U.S. to increase military support to Syria rebels

WASHINGTON/BEIRUT,  (Reuters) – President Barack Obama has authorized sending U.S. weapons to Syrian rebels for the first time, a U.S. official said yesterday after the White House said it has proof the Syrian government had used chemical weapons against opposition forces fighting to overthrow President Bashar al-Assad.

The U.S. decision came as Assad’s surging forces and their Lebanese Hezbollah allies turned their guns on the north, fighting near the northern city of Aleppo and bombarding the central city of Homs after having seized the initiative by winning the open backing of Hezbollah last month and capturing the strategic town of Qusair last week.

The White House said Washington would provide “direct military support” to the opposition but did not specify whether it would include lethal aid, which would mark a reversal of Obama’s resistance to arming the rebels. But the U.S. official, speaking on condition of anonymity, said the package would include weapons.
Syrian rebel and political opposition leaders immediately called for anti-aircraft and other sophisticated weaponry.

The arrival of thousands of seasoned, Iran-backed Hezbollah Shi’ite fighters to help Assad combat the mainly Sunni rebellion has shifted momentum in the two-year-old war, which the United Nations said on Thursday had killed at least 93,000 people.

U.S. and European officials anxious about the rapid change are meeting the commander of the main rebel fighting force, the Free Syrian Army, on Friday in Turkey. FSA chief Salim Idriss is expected to plead urgently for more help.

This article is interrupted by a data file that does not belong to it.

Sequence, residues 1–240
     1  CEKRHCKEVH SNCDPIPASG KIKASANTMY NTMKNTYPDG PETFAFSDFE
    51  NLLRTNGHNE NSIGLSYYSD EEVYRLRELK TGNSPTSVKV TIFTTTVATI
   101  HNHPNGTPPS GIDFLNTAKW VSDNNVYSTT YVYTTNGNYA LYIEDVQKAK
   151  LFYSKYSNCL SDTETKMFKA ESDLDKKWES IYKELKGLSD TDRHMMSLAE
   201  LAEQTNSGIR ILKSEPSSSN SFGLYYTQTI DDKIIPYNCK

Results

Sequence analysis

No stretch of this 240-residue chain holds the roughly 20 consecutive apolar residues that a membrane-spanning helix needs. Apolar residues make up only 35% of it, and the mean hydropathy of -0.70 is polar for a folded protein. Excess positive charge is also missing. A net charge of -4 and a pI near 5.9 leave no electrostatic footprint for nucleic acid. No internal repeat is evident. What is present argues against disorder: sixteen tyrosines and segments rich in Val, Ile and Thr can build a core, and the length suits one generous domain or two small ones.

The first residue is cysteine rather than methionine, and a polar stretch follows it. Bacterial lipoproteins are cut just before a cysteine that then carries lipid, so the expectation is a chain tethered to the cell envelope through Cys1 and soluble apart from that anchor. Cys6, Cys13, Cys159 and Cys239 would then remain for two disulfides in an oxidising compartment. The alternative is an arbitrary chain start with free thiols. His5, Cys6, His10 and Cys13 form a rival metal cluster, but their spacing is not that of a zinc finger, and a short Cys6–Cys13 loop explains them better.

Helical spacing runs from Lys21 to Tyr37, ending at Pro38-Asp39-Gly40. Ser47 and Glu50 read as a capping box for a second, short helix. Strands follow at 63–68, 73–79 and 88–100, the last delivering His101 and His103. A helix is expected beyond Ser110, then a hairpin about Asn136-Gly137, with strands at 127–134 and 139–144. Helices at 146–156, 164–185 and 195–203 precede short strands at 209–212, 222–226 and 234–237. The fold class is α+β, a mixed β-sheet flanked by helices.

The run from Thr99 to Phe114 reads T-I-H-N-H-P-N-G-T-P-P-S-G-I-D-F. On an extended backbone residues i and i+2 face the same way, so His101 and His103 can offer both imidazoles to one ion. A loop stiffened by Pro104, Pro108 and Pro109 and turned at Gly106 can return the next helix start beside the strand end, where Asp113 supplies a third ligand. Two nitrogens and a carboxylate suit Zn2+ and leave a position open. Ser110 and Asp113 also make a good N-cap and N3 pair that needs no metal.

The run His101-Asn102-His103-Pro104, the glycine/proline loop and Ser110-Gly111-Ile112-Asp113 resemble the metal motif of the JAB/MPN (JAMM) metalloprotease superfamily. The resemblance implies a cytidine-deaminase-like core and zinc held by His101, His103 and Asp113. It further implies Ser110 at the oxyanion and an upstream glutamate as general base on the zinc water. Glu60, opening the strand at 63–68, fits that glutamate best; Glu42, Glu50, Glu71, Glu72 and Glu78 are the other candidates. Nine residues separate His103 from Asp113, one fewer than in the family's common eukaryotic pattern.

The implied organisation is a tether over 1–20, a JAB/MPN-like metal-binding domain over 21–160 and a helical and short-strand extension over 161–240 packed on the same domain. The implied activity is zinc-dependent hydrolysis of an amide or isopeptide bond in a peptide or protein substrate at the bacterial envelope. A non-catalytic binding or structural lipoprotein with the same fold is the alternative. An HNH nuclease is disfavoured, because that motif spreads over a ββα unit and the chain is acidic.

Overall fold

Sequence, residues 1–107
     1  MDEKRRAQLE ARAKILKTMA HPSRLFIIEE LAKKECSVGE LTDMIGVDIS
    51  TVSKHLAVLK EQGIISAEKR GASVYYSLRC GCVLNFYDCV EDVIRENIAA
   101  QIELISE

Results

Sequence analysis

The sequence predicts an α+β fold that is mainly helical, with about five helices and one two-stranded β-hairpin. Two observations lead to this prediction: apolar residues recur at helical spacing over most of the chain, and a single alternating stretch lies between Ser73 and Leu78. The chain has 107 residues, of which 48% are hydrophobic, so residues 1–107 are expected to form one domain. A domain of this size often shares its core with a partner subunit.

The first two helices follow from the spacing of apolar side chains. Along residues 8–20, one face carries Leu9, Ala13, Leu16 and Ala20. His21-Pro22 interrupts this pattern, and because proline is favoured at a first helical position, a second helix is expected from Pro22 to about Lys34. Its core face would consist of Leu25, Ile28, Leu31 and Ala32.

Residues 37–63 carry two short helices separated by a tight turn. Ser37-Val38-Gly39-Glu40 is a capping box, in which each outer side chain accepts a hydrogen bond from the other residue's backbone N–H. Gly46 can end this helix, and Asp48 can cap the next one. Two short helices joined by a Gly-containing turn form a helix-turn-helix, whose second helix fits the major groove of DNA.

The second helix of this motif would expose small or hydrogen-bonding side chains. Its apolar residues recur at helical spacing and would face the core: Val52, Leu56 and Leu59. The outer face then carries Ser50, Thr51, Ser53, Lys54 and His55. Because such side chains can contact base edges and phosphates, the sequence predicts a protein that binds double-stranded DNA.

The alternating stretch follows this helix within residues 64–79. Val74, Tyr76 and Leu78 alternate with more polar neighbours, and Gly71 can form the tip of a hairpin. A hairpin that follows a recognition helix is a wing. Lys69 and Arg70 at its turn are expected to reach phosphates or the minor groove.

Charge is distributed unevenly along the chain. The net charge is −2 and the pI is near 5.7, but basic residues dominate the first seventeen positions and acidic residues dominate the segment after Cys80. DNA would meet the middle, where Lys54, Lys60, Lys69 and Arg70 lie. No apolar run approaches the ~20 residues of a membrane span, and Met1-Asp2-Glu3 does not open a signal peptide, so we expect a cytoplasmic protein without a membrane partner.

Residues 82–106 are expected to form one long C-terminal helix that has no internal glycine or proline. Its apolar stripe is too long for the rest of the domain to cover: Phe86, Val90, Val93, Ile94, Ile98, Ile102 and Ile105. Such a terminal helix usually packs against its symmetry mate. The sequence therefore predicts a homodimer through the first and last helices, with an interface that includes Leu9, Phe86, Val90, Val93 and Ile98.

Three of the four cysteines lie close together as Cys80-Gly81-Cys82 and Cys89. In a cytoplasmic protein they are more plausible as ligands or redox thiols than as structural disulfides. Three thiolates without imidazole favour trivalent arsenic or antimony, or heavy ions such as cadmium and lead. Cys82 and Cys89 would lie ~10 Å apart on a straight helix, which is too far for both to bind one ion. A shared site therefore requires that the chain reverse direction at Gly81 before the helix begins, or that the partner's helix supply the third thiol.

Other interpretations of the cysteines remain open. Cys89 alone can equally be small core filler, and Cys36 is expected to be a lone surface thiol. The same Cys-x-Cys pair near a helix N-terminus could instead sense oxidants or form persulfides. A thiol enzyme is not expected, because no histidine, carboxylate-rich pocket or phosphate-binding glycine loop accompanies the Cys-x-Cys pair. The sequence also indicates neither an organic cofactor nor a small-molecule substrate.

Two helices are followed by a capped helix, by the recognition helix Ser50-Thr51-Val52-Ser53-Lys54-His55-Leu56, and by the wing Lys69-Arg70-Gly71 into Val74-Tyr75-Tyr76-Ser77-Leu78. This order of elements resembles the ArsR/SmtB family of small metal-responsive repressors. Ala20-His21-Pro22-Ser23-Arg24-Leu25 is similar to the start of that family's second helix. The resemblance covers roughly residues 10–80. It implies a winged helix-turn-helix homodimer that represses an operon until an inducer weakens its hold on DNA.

Obama has been more cautious than Britain and France, which forced the European Union this month to lift an embargo that had blocked weapons for the rebels. After months of investigation, the White House on Thursday laid out its conclusions that chemical weapons were used by Assad’s forces, but it stopped short of threatening specific actions in response to what Obama said would be a “game changer” for Washington’s handling of the conflict.

“The president … has made it clear that the use of chemical weapons or transfer of chemical weapons to terrorist groups is a red line,” said Ben Rhodes, Obama’s deputy national security adviser. “He has said that the use of chemical weapons would change his calculus, and it has.”

“Our intelligence community assesses that the Assad regime has used chemical weapons, including the nerve agent sarin, on a small scale against the opposition multiple times in the last year,” Rhodes told reporters.

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